On January 17, Virginia utility regulators rejected Dominion Energy’s $5 billion bid for additional ‘smart’ electricity meter deployment.
In doing so, Virginia joins state regulators in Kentucky (Aug 2018), Massachusetts (May 2018), and New Mexico (April 2018) in rejecting ‘smart’ meter proposals. In Canada, New Brunswick (July 2018) also rejected a proposal to install ‘smart’ electricity meters.
UPDATE 29 Jan 2019: We received word that parts of Kentucky do have ‘smart’ meters, and KU seems to be still deploying even though the PSC ruled against their proposal. There’s also a similar situation in New Mexico, where the regulatory ruling there seems to not apply to all utilities. We’d like your help to get to the bottom of such situations where regulatory rulings seem to be only partially applicable. If you have further info on these details, please comment below!!
UPDATE 1 Feb 2019: As states such as Virginia already have deployed ‘smart’ meters for a considerable percentage of utility customers, it is still unclear as to whether Dominion’s bid was to expand the number of its customers with ‘smart’ meters, or was actually to deploy “newer model / upgraded” smart meters. As we know from Take Back Your Power, utilities admit that ‘smart’ meters have a shelf life of only 5-7 years. Please comment below if you have further info on these proposals and rejections.
The official reasons for energy regulators’ decisions in all of these regions has been a) exorbitant costs; and b) lack of customer benefit. Though in my view, it is very likely that the liability associated with other aspects about this dangerous technology also played motivational factors, such as privacy violations, documented biological harm from radiation and voltage transients, home fires (including fatalities), and hacking / security issues.
Dominion Energy’s plans included spending a whopping $5.07 billion just for ‘smart’ / AMI (advanced metering infrastructure) meters. The denial by the State Corporation Commission is “without prejudice,” however, allowing Dominion to refile a revised proposal in the future.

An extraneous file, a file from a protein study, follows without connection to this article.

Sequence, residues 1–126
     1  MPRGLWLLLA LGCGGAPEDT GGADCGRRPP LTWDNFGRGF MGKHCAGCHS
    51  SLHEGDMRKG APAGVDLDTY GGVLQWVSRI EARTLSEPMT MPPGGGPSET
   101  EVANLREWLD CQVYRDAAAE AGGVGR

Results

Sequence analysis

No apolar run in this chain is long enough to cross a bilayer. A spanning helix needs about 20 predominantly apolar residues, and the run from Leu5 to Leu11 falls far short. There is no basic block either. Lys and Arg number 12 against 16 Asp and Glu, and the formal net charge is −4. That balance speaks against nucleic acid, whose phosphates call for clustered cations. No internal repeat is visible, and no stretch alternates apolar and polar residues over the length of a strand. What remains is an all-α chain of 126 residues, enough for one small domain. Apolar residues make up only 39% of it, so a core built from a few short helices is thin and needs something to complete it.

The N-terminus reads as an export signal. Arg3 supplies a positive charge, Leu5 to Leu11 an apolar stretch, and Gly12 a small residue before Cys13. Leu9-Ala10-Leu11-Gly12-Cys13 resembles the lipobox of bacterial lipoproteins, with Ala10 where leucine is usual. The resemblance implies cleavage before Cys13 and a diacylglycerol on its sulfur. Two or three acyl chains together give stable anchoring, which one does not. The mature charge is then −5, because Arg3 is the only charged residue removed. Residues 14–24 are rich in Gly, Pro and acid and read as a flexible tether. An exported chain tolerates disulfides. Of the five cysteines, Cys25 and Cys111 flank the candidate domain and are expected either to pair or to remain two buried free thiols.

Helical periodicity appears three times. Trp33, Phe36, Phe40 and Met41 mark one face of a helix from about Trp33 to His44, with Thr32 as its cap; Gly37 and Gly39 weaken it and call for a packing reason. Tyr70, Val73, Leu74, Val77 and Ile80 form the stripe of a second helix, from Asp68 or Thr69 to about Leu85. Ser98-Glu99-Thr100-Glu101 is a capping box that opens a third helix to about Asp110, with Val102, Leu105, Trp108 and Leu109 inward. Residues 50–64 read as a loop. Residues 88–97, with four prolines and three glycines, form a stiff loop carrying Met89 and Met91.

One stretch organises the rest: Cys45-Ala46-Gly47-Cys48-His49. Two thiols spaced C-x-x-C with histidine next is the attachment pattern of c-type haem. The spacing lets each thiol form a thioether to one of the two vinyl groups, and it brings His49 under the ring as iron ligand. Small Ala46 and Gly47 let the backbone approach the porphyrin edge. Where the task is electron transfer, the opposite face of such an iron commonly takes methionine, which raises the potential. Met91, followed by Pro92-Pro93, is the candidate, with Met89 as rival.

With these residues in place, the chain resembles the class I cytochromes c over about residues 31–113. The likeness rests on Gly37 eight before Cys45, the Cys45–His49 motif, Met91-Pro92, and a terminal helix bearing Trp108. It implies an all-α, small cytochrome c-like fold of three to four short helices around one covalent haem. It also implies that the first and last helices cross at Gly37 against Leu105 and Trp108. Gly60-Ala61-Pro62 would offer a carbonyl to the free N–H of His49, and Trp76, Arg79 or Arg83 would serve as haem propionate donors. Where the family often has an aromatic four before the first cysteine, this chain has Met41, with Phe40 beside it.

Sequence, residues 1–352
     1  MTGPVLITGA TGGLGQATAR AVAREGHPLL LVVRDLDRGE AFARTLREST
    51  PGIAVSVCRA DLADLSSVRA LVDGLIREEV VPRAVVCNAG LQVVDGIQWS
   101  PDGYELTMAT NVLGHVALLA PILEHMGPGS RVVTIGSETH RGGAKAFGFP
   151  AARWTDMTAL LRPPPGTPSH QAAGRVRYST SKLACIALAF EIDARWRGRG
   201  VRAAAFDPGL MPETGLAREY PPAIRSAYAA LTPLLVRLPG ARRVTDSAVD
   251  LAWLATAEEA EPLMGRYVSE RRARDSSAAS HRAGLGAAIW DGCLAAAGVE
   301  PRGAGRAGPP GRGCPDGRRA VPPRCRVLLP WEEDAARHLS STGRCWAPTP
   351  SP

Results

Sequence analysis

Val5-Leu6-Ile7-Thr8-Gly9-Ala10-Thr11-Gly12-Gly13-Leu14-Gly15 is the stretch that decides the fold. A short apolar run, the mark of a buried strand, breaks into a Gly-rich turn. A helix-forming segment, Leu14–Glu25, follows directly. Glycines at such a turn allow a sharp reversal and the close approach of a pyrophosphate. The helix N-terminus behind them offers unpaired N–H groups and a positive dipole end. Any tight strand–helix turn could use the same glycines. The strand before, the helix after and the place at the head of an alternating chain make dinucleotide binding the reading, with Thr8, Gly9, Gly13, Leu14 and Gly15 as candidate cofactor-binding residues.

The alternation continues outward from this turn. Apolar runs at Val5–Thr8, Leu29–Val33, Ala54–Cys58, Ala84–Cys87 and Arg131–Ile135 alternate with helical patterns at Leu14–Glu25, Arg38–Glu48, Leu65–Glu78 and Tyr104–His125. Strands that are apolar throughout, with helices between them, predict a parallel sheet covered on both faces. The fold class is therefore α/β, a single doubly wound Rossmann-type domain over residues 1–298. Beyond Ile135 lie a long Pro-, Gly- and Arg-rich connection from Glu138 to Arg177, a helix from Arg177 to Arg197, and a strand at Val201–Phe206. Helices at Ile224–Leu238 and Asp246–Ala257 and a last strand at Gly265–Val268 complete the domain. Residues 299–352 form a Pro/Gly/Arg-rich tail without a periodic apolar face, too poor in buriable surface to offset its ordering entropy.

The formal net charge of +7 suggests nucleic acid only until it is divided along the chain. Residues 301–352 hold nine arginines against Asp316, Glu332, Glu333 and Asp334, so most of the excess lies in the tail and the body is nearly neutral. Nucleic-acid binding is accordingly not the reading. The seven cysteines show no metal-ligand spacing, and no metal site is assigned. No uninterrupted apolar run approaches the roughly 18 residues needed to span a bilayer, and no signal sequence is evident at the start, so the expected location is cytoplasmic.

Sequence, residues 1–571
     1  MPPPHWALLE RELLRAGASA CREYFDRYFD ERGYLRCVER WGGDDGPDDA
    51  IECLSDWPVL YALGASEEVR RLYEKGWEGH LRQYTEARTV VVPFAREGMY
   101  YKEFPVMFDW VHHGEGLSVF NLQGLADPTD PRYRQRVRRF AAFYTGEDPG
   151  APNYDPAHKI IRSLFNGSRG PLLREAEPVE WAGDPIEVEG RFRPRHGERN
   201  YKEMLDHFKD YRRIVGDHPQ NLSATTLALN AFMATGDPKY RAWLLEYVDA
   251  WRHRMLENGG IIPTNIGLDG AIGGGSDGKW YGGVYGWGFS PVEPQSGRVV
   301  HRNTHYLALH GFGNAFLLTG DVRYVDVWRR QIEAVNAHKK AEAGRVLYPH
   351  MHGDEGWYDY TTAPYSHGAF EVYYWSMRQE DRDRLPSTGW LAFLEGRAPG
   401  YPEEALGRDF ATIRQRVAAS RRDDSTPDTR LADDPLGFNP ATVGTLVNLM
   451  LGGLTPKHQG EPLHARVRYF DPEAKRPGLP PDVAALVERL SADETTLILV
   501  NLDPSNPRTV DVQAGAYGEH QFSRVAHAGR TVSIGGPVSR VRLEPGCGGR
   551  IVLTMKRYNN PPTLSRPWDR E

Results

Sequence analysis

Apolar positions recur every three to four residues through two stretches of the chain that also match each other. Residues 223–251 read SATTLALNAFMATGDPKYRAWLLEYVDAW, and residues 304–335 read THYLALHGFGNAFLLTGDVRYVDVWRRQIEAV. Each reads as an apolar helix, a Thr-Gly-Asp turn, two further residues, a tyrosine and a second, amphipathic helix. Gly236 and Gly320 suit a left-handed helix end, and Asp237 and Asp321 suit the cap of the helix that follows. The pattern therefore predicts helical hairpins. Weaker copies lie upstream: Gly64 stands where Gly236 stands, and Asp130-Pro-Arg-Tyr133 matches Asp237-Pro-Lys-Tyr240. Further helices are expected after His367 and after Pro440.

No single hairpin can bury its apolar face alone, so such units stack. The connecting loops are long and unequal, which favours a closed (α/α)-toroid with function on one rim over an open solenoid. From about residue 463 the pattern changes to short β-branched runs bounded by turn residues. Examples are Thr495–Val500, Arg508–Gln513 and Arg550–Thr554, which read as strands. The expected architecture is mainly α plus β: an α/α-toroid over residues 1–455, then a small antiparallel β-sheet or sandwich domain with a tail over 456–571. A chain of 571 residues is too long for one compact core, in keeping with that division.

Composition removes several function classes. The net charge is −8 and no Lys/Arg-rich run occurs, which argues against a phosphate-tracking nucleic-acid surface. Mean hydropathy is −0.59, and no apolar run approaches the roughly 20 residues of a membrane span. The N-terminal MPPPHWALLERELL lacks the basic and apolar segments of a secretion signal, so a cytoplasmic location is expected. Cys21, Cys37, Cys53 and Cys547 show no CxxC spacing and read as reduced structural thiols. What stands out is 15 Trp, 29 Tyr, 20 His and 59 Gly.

UtilityDrive.com identified this this latest rejection in Virginia as
“part of a trend that has seen AMI deployment flatline at roughly 50% of electric customers [in the USA].”
In response, Marjorie Leach-Parker, Chair of Sierra Club’s Virginia Chapter, stated:
Today’s decision by the SCC was a victory for all of Dominion’s customers who have grown tired of watching the corporation’s pockets get fatter at their expense. We would have loved to support a true “grid modernization” proposal by Dominion, if the company had proposed measures to increase renewable energy penetration, reduce energy waste, and facilitate electric vehicle integration. Instead, Dominion’s self-serving proposal was met with a firestorm of opposition, and the SCC rightly rejected it.
I envision that since the trends strongly indicate that ‘smart’ meter technology is being widely recognized as useless if not harmful, the “50% deployed” number will diminish as ‘smart’ AMI meters start to be replaced with safe, proven electromechanical technology which does not waste money, lasts 6-8 times longer, is far more accurate, does not surveil utility customers, and does not cause either physical harm or damage to property.
However, whether the trend of ‘smart’ meter proposal rejection (by PUCs) leads to the widespread replacement of ‘smart’ meters (with safe technology) is entirely dependent on the actions of utility customers.
For assisting with the return to responsible and safe technology, our award-winning documentary Take Back Your Power, which blew open the ‘smart’ meter agenda since our initial 2013 release, is now freely available on YouTube.
In many states and provinces, utility customers can have a ‘smart’ meter removed by opting-out – which typically means an extortive fee.
For resolving the problem at its root, a specific mechanism that individuals and groups may consider is a commercial liability action process from InPower Movement, implementations of which have been linked with the resignation of a number of government and corporate officials being held individually liable. InPower is raising funds to make this process widely available through an automated system. To contribute and learn more, go here.
Note to Reader: If you have more info on other regions where ‘smart’ meters have been rejected by regulatory boards, or additional info pertaining to the content above, please post in the comments below. Thank you!
Hat tip: Einar Olsen for contributive research.